4) How do you define community in a networked congregation that is different from the traditional approach to synagogue life?

The dues structure itself is at the heart of a lot of the distance congregants feel from their synagogues. It is a bill that people are expected to pay, unless they're struggling and then they have to go through the humiliating process of asking for relief. Everyone should pay their fair share, but they should be treated as adults who can decide for themselves what that amount is, and if synagogues can't make the case that they provide value, that their continued existence is important and relevant to the lives of their congregants, well, then they won't survive. But I think we will, we just have to flex some communication and relationship muscles we've never had to exercise before.

5) What congregations (or other organizations) and/or leaders have you looked to for inspiration and support as you've been pioneering this new approach to congregational life?  What have you learned from them that's been applicable to your synagogue?

As we wrote in the Networked Nonprofit, I found the most exciting aspect of this moment in time is that traditional organizations across issues areas, service organizations and advocacy groups, are remaking themselves as social networks. They are taking down the walls and engaging with their communities, building relationships rather than turning the turnstiles of transactions. And synagogues and Jewish day schools are just beginning this process. The most important part of this journey for traditional organizations is for leadership to have the courage to make themselves uncomfortable by working different, more transparently, learning more about what their community wants from them, engaging them as full partners in problem solving, treating them as smart, generous people not names in a database. It's a very exciting time!

6)  You've clearly made a lot of progress during your tenure as board chair.  What does the congregation need next to continue this trajectory?

I'm not sure where we will be in a year much less three to five years, but I think we've made some progress in changing the relationship between the institution and our membership. The three most important things I see us doing in the future are:

  1. Providing training and support for new leaders to serve on the board and on our task forces.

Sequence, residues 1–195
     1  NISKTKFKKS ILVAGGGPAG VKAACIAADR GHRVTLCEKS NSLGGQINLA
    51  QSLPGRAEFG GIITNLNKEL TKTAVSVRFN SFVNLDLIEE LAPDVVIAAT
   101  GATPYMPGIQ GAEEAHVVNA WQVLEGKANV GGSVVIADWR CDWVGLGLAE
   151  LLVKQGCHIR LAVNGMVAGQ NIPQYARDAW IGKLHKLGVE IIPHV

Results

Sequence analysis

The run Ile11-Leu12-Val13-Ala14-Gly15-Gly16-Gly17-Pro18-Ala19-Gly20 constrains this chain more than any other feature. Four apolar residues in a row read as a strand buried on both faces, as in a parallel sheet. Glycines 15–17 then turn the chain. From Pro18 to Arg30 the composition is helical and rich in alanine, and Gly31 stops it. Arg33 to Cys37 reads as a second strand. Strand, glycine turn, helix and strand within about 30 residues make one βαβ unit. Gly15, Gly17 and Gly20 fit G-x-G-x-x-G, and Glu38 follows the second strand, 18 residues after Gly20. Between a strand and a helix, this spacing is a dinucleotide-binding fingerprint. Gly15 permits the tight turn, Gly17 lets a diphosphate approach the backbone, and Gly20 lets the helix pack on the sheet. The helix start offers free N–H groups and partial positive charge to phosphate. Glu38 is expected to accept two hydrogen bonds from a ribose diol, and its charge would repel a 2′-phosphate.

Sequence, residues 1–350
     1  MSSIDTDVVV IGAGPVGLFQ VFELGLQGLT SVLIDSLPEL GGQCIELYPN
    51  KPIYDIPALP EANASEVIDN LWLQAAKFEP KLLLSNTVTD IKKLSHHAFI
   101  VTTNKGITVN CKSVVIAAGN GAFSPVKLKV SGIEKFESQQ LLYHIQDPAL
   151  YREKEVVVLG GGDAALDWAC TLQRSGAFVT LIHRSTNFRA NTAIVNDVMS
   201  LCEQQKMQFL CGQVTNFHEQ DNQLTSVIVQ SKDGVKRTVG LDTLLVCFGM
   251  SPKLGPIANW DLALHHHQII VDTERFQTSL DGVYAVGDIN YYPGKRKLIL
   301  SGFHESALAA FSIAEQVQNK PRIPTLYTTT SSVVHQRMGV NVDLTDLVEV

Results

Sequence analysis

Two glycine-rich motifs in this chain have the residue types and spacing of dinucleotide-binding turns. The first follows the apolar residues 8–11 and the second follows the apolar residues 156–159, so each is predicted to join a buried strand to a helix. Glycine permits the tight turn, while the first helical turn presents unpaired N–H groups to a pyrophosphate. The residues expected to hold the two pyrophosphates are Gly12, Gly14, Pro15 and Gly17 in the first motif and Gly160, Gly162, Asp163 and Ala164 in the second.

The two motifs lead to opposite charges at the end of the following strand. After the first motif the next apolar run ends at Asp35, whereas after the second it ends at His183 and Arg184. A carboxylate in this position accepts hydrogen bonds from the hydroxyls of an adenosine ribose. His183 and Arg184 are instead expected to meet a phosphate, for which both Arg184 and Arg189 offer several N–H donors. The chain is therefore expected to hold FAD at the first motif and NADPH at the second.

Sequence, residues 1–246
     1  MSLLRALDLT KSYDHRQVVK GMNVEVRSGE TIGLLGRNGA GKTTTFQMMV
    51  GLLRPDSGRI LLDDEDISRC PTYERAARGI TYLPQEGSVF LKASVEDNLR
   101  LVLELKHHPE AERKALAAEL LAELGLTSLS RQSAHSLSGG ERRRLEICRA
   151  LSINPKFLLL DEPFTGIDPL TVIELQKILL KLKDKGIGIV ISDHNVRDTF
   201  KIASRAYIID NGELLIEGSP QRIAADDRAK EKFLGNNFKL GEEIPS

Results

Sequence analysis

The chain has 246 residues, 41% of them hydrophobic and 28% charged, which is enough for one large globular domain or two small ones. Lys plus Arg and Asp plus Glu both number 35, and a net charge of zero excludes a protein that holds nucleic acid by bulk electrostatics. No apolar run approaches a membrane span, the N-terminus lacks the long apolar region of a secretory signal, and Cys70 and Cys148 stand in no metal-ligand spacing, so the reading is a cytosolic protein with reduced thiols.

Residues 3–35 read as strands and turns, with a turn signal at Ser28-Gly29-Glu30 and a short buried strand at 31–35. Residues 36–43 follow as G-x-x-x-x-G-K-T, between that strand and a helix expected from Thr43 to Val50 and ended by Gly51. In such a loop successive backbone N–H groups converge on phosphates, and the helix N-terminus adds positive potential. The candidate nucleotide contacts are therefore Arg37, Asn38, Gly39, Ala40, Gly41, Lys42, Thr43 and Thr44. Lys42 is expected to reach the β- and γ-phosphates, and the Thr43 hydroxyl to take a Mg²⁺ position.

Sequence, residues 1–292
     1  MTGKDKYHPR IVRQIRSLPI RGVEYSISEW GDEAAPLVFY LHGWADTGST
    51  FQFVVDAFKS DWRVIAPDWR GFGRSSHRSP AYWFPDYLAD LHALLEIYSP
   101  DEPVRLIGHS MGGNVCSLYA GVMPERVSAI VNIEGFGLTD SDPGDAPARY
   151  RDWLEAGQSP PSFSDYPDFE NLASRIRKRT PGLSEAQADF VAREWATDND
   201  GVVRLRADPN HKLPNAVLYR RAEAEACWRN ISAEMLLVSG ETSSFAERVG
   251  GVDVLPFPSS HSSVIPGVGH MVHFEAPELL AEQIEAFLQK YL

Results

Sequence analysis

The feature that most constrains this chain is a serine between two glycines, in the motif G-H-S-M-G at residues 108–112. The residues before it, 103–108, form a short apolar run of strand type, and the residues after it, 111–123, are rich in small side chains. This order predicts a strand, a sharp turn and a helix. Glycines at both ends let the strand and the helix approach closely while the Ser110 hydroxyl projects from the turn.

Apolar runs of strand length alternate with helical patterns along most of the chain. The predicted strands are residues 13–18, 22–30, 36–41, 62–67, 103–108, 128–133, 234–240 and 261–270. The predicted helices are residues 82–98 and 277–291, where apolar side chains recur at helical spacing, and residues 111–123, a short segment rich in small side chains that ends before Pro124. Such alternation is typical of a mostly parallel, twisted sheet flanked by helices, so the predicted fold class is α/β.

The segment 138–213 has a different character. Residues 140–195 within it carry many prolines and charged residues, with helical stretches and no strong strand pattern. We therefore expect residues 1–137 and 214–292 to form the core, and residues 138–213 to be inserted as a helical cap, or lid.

2. Unhooking ourselves from the assumption that the number of members is the most important measure of our success.
  3. And remembering to have fun together!

You can download and read Allison's full case study here.

 

This post is part of a blog series on Connected Congregations being curated by Darim Online in partnership with UJA Federation of New York.  Through this series, we are exploring what it means for synagogues to function as truly networked nonprofits. Connected Congregations focus on strengthening relationships, building community, and supporting self-organizing and organic leadership.  They are flatter and more nimble, measure their effectiveness in new and more nuanced ways, allocate their resources differently, and use technology in a seamless and integrated way to support their mission and goals.  We hope these posts will be the launching pad for important conversations in our community. Please comment on this post, and read and comment on others in the series to share your perspective, ideas, work and questions. Thanks to UJA Federation of New York for supporting this work. 

 

Becoming the Leader of a Networked Nonprofit: The Jewish Enrichment Center

Right before Thanksgiving, Caren Levine (Darim’s Learning Network lady extraordinaire) suggested that I write a blog post about how we think about out work at the Jewish Enrichment Center as a networked nonprofit. We are not a networked nonprofit, I thought. At least not yet. But now, months later, I can see that we’ve come a long way.

Early in our planning, a few of us read The Networked Nonprofit: Connecting with Social Media to Drive Change, by Beth Kanter and Allison Fine. I was inspired by the book’s vision of a nonprofit that’s connected with its volunteers, transparent in its business, and nimble – able to shift internally, quickly, to meet emerging needs. “Do what you do best, and network the rest,” Kanter and Fine told me. As a startup with limited resources, it sounded heavenly to have a community of volunteers sharing the workload. I was hooked.